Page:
Georgians Speak Out Against Fracking in the Chattahoochee National Forest

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Environment Georgia

Gainesville, GA –Environment Georgia will deliver over 1,300 signatures opposed to fracking in the Chattahoochee National Forest today to Supervisor Betty Mathews, the new Forest Supervisor of the Chattahoochee-Oconee National Forest. The group started gathering signatures after newspapers reported test wells were being drilled near Dalton, GA, close to the Chattahoochee National Forest.

“Fracking means pollution and industrial infrastructure that destroys wilderness,” said Jennette Gayer, Policy Advocate with Environment Georgia. “The hundreds of Georgians who signed our petition agree that the Chattahoochee National Forest should be off limits when it comes to the dangers of fracking.”

The oil and gas industry uses fracking to access reserves of gas that are trapped within rock formations underground. Drilling operators drill vertical wells down into gas-bearing rock and then cut horizontal shafts through the rock formation.  With each horizontal shaft, operators pump about a million gallons of water, sand, and chemicals into the ground at high pressure to crack open the rock and release the gas. Chemicals used can include carcinogens like benzene and formaldehyde.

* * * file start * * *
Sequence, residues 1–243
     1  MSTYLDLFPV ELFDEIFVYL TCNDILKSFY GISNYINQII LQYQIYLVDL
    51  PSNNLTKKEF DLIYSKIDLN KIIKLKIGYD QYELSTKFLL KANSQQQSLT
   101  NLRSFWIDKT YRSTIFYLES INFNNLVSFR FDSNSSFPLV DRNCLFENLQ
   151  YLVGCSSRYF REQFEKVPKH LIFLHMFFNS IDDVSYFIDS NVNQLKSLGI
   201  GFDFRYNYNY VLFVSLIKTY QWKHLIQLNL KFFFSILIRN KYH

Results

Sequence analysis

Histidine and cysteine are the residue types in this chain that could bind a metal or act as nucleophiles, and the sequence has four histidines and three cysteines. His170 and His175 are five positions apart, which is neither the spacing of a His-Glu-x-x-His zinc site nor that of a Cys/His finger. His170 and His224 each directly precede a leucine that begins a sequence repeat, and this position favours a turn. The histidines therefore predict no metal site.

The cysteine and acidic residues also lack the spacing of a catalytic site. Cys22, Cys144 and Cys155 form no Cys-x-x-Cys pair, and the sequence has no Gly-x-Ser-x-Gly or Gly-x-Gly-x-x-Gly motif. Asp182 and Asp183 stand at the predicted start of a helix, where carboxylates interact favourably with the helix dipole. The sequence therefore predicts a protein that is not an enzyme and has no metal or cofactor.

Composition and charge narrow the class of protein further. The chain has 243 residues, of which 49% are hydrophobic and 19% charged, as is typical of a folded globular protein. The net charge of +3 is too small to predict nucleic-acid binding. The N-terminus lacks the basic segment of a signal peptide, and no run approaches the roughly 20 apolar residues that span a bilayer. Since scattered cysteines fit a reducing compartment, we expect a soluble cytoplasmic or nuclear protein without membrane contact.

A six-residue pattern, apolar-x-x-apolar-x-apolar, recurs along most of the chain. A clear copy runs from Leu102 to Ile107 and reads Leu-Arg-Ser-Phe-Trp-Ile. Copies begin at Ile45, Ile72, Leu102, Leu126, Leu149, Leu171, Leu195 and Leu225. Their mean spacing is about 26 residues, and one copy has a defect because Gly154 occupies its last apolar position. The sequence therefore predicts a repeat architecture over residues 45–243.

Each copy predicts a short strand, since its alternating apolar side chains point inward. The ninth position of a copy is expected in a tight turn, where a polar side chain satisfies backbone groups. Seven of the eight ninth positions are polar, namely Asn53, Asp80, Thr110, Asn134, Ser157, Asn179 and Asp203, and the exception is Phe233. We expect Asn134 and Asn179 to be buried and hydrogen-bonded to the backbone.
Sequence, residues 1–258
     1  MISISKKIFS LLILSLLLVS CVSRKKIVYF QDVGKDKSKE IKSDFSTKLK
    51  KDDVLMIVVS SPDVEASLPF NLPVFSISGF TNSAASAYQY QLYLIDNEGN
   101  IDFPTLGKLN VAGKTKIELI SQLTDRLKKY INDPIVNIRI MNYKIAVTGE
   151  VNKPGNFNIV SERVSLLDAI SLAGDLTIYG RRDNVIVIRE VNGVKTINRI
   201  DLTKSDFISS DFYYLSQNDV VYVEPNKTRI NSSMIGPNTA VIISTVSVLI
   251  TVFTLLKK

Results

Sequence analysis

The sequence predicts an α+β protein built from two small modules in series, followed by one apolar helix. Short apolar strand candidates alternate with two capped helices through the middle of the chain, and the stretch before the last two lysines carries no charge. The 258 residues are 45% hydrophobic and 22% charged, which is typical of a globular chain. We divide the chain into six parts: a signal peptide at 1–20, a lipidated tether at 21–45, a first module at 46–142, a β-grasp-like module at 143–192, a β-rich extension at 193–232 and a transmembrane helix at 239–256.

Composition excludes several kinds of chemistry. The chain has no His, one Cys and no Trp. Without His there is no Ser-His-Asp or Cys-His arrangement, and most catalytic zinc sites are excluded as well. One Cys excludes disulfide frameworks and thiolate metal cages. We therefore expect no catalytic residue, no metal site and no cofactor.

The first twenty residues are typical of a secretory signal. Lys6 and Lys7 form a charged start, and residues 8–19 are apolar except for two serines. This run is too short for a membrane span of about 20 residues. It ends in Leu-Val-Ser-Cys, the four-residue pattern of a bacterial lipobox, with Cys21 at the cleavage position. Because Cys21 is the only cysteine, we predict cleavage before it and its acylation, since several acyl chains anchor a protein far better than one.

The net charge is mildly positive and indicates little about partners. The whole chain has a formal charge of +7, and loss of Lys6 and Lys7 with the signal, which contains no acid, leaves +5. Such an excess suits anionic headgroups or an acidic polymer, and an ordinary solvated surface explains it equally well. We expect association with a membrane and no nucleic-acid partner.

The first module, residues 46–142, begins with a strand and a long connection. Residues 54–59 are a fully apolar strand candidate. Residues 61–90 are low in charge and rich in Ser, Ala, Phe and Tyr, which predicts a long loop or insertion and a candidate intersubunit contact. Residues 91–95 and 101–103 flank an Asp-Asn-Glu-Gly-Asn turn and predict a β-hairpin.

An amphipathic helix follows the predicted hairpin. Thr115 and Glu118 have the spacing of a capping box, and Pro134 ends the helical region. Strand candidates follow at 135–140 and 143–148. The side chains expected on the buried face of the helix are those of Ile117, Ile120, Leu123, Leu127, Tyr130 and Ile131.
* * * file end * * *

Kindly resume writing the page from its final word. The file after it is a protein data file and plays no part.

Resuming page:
“The Chattahoochee National Forest is the headwaters for many of the rivers that supply drinking water to our state,” said Gayer. “Fracking in our National Forest could have serious implications for communities downstream.”

In March of this year the Atlanta Journal Constitution reported that speculators had drilled two test wells.  At the time, a separate company was considering drilling a deeper well near Cave Springs, Georgia.  The Conasauga gas field, which spans Georgia, Tennessee, and Alabama, has been examined by at least five separate companies